Helping from afar -- international humanitarian work and COVID-19

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David Barth with World Accord project partners in Honduras. Image: Victoria Fenner

There are thousands of people in Canada involved in international humanitarian work.

According to CARE Canada in a 2011 study, there were 14,000 full-time and 32,000 part-time workers working in international development in our country. And there are also thousands of volunteers who go oversees to provide health-care relief, build schools, help out in community radio stations, and assist in environmental initiatives, among other things.

That's a lot of people. Most of them are working from home right now, and many have likely lost their jobs. The exact numbers aren't known yet. And we don't know how many volunteer placements have stopped. One thing is pretty sure -- they're wondering and worrying about the people they help. It's especially difficult because they can't physically go there to see the situation first hand, and in many cases communications infrastructure is either unreliable or unavailable.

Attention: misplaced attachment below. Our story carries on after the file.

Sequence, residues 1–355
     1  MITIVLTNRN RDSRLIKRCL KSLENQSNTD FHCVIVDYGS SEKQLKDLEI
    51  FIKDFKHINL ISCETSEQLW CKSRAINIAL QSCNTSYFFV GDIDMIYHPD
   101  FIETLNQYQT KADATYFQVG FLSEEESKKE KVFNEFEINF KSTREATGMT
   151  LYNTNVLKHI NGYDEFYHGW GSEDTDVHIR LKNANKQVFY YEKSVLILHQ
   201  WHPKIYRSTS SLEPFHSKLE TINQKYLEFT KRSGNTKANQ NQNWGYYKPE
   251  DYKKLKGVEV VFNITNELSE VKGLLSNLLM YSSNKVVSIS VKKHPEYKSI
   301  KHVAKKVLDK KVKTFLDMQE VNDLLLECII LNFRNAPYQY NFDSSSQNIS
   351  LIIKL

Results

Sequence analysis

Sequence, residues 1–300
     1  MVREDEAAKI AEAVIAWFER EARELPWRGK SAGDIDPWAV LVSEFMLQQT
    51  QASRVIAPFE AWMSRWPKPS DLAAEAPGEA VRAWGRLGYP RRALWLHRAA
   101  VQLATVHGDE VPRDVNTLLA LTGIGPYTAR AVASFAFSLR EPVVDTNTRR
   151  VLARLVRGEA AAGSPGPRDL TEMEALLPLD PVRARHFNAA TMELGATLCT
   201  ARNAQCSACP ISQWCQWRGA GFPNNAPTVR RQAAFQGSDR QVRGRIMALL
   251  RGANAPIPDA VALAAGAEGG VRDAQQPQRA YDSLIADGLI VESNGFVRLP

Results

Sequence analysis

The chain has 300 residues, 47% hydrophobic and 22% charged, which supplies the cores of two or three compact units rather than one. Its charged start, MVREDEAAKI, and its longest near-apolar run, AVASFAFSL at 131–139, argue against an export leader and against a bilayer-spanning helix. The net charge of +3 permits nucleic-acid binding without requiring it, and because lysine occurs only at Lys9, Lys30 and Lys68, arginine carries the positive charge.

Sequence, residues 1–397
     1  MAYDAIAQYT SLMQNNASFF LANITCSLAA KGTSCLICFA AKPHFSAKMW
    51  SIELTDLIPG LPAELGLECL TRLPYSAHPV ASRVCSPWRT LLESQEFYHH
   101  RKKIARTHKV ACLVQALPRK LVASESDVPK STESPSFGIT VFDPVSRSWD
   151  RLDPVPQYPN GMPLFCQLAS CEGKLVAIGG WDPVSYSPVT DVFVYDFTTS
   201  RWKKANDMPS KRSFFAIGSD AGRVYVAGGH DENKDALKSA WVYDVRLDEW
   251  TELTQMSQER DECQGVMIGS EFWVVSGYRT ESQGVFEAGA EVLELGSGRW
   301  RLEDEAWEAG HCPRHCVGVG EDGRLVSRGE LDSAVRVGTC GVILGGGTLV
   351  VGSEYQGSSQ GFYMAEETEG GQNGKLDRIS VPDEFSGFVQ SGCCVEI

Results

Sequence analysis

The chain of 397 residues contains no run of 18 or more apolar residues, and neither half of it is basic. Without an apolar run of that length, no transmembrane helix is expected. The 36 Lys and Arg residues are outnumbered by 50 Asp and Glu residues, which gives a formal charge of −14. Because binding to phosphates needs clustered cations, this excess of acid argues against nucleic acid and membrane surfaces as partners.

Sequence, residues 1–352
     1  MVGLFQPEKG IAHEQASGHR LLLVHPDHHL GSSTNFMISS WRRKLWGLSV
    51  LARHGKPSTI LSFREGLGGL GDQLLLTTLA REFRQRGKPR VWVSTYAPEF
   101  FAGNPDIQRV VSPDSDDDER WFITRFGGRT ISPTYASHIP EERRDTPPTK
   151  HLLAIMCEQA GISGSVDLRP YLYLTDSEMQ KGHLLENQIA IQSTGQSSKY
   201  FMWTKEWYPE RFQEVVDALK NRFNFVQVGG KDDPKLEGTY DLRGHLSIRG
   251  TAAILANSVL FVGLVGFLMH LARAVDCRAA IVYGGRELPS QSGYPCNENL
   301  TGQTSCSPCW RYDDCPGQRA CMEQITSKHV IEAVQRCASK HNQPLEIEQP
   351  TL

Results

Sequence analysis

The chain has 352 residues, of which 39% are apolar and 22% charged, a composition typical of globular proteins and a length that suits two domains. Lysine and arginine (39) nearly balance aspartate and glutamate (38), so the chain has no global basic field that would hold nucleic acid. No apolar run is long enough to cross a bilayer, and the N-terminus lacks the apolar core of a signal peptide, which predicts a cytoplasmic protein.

Today we're talking to two people who work in international development:

David Barth is the executive director of World Accord in Waterloo, Ontario. Barth was with a group of volunteers in Honduras when airports started to close and countries were shutting their borders to stop the spread of COVID-19. They are back home now with a lot of stories to tell about what they went through. He also talks about World Accord's partners and his hopes and fears as the pandemic spreads.

Simon Chambers is the director of communications for ACT Alliance. The ACT Alliance is a coalition of Protestant and Orthodox churches and church-related organizations engaged in humanitarian, development and advocacy work. The alliance has 135 members working in over 120 countries. Up until a few months ago, he was spending a lot of time on planes going to international meetings. Not now. He's in Toronto, still working but from home. Chambers talks about how the pandemic is shifting priorities for NGOs, and is hopefully not sidelining climate change efforts. 

Image: Victoria Fenner

 

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